Maersk has announced that the June NotPetya cyberattack could cost the company up to US$300m, but remains upbeat after underlying profit nearly tripled year-on-year.
The damage caused by NotPetya is estimated to fall between US$200m and US$300m, the majority of which will come out of Maersk’s third quarter profits due to the delayed impact on volumes and IT.
In its second quarter results the company posted a net loss of US$269m largely due to lower asset valuations in Maersk Tankers, which it plans to sell.
However Maersk remains optimistic due to the growth of the container shipping industry, which is growing at twice the speed of global GDP, noting the growth of underlying profit to US$389m as a positive.
Maersk CEO Soren Skou said: “What we see now is probably the strongest fundamentals for container shipping that we have seen for quite a while, and certainly since 2010 and the financial crisis.
“The rising corporate profitability across the world means a good investment climate and that has rubbed off on container shipping.”
The company announced that freight rates had grown by 22% in this quarter, compared with the same period last year, largely because industry demand has outgrown supply since the third quarter of 2016.
Meanwhile Maersk’s idle fleet percentage fell to 2.5%, following an industry-wide trend.
The company also noted that 1.4% of capacity was scrapped, and that the industry’s order book is now at an all-time low of 13% of existing capacity.
Skou said: “In the coming years of course more ships will be ordered, but all in all we are quite positive.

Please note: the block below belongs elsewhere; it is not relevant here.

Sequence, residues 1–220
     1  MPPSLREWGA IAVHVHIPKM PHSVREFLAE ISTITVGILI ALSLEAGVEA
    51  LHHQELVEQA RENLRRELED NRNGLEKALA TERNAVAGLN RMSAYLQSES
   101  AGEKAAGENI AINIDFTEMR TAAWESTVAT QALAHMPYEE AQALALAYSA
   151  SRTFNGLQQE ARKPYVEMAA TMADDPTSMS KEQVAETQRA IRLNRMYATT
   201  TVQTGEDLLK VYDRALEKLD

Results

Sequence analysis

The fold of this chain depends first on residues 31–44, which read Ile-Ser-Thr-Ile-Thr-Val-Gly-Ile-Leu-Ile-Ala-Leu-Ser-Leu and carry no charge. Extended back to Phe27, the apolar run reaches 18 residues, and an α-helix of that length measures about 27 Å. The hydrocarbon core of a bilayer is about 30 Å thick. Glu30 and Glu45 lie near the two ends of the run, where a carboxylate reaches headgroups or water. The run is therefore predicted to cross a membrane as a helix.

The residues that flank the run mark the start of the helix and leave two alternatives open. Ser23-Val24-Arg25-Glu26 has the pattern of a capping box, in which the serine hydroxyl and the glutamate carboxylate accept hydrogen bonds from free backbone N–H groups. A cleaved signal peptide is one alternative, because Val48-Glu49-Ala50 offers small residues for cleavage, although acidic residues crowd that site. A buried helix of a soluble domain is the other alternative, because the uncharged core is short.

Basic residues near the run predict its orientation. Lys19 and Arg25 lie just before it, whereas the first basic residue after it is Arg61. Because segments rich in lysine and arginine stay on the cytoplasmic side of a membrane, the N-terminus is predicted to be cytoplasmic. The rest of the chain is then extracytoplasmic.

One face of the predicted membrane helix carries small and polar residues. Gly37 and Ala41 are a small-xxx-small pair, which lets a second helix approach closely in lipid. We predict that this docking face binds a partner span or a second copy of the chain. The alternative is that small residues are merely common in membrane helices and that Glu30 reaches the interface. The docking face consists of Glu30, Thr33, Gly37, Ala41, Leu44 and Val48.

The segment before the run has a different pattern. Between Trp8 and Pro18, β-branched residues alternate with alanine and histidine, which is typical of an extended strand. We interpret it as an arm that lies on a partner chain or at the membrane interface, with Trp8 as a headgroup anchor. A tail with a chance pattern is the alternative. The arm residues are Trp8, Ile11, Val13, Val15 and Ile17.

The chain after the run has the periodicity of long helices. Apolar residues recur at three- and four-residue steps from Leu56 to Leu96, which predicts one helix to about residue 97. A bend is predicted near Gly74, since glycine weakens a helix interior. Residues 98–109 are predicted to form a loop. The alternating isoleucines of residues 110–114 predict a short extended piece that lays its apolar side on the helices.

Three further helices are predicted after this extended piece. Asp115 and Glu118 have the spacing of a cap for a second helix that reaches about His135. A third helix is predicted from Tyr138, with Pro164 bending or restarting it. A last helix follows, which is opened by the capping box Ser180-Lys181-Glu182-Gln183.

“Of course it is not a road without bumps but it is a positive outlook.”
Volumes handled by Maersk Line grew by 2%, but revenue shot up sharply by 21% due to the increase in freight rates, with East-West rates growing by 36% and North-South rates growing by 18%. As a result Maersk Line reported a profit of US$339m.
The carrier’s bunker cost increased by US$119 per tonne, while capacity increased by 8.2% due to increased volumes as a result of the agreements signed with Hamburg Sud and Hyundai Merchant Marine (HMM).
The company has stabilised its unit costs, although they did experience a slight increase due to a fall in utilisation.
APM Terminals (APMT) had impairments of US$250m in the second quarter due to a few commercially challenged terminals, causing a loss of US$100m. However the company pointed to an underlying profit of $98m as proof of stabilisation.
Maersk noted two challenges the terminal operator currently faces: a 10% drop in revenue per move due to competition, and a growth in volumes lower than estimated global growth.
APMT’s capital expenditure fell by 60% to just US$70m, and the company expects no new terminals and for more “discipline” in the coming years.